'Like generations of misfits before me, be they morphological, sexual, or otherwise, I decided that I would make theater my refuge. I was a pretty good actor as a child, albeit with the budding homosexual's propensity for schmacting, the overuse of outsized and non-contextual emotion. I could cry on cue and did so whenever I got the chance, which was mainly alone in my bedroom in front of the mirror - great heaving arias of melodramatic hysteria that could burst forth with all the vulgar hoopla of a magician's bouquet.' pg 34
All that only to be asked to leave a high school audition because he was not 'physically substantial' enough. And then, years later, be fired from the set of a star-studded movie, for what? He never really did find out why except that . . . a few days later, the director sent me a kind note that read, "Dear David. I am sorry, but as far as I'm concerned, you just had your reservations on the Titanic cancelled. You should look at it that way too." pg 71. Ouch.
He had me at 'misfit.'
But my favorite essay has to be his description of Disney's Innoventions Dream Home, an interactive exhibit that showcased the latest  technological devices, such as voice activated computers, high-definition TVs, and smart cars. But before Rakoff continues, he takes on (bless him) one of my own pet peeves: the hokeyness of made up words.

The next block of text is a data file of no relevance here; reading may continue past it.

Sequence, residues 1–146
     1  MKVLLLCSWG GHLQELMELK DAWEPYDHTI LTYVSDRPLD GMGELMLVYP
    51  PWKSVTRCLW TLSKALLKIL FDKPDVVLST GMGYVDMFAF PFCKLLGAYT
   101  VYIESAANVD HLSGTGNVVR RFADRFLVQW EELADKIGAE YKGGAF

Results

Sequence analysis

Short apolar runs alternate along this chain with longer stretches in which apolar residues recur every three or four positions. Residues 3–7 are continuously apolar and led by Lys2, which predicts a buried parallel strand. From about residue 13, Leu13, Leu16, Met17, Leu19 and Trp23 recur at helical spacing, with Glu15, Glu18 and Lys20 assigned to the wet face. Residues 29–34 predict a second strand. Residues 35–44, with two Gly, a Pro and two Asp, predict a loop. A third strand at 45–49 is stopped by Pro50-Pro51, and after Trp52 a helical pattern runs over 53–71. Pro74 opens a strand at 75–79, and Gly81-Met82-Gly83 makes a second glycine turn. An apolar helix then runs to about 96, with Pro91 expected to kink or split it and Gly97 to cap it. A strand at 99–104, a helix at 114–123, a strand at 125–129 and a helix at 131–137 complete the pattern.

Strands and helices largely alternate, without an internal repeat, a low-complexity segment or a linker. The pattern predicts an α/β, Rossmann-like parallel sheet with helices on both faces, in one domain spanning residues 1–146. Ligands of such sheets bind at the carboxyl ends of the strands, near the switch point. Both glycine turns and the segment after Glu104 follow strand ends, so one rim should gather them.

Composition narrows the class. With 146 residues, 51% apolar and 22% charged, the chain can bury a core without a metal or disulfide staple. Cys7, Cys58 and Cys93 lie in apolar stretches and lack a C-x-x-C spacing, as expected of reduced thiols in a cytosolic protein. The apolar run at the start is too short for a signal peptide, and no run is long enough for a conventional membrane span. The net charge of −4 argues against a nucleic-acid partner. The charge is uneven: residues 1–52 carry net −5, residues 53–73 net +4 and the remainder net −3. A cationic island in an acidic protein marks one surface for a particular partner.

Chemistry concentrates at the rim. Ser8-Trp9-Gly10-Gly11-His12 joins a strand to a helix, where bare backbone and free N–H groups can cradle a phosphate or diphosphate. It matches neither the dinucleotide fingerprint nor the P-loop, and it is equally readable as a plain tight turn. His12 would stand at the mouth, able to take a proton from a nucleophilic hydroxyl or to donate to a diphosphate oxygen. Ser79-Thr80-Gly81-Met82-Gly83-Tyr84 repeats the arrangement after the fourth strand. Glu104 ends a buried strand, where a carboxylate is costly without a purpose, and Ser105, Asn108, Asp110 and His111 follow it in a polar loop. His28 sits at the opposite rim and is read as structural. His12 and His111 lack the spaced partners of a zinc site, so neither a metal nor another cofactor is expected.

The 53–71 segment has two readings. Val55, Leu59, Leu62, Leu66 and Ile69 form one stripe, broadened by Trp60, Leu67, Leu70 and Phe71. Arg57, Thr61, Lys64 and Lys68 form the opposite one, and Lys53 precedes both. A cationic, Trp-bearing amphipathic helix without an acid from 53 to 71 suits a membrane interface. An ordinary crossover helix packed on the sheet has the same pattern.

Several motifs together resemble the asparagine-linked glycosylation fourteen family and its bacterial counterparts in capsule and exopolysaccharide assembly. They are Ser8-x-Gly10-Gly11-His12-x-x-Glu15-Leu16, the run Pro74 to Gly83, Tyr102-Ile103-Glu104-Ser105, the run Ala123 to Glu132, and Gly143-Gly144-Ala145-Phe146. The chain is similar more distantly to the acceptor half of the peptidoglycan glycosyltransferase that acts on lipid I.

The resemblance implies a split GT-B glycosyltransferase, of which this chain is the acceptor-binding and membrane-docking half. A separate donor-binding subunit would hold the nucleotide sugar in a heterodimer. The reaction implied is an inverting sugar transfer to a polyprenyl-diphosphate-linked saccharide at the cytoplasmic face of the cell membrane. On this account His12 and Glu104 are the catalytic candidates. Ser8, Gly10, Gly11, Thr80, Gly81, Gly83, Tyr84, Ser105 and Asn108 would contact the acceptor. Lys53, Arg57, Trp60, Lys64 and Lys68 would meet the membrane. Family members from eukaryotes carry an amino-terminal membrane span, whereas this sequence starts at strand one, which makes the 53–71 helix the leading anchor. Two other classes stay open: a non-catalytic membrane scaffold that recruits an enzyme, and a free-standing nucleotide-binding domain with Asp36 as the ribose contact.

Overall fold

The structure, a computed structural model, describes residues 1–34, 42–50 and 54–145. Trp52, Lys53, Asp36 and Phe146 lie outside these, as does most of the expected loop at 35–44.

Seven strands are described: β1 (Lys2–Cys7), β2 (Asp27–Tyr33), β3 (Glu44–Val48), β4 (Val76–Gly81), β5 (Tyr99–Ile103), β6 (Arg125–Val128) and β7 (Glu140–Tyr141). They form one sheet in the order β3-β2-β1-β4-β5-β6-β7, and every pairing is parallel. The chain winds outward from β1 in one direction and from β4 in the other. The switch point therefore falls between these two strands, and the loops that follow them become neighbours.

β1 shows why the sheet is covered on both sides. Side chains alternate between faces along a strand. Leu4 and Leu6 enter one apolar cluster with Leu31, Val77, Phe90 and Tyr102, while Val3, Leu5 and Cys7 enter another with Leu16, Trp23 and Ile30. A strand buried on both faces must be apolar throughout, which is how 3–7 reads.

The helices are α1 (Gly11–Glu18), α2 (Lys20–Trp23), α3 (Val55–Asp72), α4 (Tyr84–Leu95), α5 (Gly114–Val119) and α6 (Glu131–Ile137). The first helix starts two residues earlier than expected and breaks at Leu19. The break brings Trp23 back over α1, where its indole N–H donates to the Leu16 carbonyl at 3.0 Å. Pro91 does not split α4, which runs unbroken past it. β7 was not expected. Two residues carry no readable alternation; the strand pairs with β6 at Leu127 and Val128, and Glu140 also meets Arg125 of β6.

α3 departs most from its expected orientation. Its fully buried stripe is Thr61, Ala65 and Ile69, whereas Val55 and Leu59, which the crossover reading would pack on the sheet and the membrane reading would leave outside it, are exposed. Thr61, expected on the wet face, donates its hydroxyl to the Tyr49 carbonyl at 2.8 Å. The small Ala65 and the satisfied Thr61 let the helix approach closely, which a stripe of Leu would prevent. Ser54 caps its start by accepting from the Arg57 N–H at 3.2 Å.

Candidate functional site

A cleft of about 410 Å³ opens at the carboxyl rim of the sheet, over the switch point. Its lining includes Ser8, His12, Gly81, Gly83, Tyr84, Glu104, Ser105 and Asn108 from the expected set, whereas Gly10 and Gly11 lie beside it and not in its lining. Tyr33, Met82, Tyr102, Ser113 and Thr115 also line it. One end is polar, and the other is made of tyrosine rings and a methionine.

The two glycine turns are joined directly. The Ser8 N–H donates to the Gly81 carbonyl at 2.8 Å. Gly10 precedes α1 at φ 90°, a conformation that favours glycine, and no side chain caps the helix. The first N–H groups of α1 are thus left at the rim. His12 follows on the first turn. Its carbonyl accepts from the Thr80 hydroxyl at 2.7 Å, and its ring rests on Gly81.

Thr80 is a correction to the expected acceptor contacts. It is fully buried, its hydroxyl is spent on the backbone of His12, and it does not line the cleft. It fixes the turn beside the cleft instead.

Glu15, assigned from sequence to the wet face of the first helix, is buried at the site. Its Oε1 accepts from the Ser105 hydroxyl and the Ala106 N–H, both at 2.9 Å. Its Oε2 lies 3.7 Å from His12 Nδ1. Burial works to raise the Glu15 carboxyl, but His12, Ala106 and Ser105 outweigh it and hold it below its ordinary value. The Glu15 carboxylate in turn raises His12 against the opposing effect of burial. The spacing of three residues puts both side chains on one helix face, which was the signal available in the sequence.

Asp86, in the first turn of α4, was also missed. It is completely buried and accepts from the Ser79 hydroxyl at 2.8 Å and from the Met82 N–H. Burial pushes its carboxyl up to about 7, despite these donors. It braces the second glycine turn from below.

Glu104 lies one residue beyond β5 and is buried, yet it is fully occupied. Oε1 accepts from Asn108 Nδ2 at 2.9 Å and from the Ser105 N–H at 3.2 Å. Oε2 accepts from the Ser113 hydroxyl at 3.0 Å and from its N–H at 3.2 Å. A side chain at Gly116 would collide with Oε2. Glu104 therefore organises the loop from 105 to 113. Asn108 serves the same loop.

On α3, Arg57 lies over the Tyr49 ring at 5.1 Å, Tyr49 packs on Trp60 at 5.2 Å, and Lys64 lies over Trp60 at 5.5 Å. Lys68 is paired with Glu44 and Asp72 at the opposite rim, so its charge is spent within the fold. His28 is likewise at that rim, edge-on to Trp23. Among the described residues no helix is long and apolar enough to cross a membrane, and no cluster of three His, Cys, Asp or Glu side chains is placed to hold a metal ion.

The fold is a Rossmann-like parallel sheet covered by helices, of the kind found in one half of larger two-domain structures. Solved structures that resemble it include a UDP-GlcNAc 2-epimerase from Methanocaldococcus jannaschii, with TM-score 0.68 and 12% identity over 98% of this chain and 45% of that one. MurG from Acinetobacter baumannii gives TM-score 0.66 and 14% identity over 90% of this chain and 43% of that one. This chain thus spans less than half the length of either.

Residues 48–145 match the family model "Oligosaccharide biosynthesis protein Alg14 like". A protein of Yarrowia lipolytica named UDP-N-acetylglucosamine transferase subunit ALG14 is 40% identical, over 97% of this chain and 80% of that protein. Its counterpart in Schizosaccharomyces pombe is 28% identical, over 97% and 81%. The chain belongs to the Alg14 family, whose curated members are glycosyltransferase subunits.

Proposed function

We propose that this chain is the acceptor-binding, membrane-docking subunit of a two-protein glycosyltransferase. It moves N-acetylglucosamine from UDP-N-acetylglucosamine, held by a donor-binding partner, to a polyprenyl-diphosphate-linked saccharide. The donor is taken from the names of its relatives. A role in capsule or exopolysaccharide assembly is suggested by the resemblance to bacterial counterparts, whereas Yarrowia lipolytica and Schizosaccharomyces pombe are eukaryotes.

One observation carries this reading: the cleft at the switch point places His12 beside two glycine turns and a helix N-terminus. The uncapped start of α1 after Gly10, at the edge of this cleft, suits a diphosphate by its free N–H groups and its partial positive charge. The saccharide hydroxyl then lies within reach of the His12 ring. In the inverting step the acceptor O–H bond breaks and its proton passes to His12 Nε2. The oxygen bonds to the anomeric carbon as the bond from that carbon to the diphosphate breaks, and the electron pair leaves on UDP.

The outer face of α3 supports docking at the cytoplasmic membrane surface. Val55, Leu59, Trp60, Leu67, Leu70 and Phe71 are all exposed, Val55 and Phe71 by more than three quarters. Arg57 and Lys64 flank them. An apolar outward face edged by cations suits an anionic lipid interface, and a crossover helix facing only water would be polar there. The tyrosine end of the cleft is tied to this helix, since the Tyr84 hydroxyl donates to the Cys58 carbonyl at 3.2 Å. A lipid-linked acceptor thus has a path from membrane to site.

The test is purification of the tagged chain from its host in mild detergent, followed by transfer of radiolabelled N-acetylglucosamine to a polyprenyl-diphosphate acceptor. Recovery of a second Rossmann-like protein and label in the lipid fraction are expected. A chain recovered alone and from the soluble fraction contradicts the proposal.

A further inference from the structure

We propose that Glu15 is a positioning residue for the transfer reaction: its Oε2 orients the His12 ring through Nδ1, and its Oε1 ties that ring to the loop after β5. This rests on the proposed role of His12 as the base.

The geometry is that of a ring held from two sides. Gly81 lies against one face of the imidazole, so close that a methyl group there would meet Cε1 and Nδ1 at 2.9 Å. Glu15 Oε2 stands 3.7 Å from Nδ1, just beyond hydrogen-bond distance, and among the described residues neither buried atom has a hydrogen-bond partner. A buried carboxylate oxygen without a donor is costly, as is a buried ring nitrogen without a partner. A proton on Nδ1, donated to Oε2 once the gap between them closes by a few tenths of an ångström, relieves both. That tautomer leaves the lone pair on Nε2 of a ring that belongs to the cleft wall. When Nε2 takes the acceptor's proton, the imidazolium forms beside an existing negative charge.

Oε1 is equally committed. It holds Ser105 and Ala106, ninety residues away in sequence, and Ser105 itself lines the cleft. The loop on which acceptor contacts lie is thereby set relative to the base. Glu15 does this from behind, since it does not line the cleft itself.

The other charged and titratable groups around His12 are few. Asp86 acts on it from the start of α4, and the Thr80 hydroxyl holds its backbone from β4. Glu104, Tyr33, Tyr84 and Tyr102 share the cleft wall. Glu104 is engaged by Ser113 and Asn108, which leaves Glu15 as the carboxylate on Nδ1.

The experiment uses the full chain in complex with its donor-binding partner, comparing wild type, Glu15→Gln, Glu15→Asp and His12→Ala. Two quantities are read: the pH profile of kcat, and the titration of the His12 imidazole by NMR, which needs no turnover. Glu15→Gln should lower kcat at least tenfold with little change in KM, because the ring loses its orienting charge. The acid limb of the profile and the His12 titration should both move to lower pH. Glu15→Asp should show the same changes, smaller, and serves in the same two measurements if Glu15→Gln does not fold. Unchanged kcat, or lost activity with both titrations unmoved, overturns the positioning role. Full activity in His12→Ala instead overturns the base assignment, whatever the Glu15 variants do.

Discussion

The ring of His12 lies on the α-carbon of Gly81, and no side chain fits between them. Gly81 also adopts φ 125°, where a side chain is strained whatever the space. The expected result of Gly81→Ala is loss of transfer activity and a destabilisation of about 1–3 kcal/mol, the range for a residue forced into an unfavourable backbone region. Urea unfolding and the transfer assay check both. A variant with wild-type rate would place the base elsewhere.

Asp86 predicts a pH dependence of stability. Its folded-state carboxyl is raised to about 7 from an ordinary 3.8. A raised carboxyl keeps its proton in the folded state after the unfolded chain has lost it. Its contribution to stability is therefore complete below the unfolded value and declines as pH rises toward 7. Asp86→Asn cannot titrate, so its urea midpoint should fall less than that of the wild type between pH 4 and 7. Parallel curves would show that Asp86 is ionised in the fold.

While we are on the subject of outsized claims that border on the risible, can we pause for a moment to talk about that term, Innovention? A neologism that, in an effort to turbo-charge meaning, takes two perfectly eloquent and unassailable words and by combining them renders both suspect. It is a word developed by a committee, one that can only be spoken unironically if one is being paid to do so, like menus in chain restaurants that list "Snacketizers" and "Appeteasers." pg 117
Ha! I love these little opinionated explanatory asides. I would like to add my own example here, if I may, (while we are on the subject of corporate committee-speak) that the names of these same chain restaurants are all irritatingly corny and 'down home' - made up by a boardroom full of marketing experts to sound like everyones' best friend's place . . . or something. We're all supposed to believe in the neighborliness of each establishment and forget the fact that headquarters is in another time zone. Er, in the words of Elaine Benes, "Fake. Fake. Fake."
Anyway, back to David Rakoff. I first discovered his books a few years ago when I picked up a copy of Don't Get Too Comfortable and liked it enough to go in search of his first book Fraud, and now his newest book, Half Empty. Although his humor can sometimes be exhausting, his books are still fun, engaging and an antidote to the syrupy phoniness our society wallows in. And that in itself is worthy of a place on my bookshelf.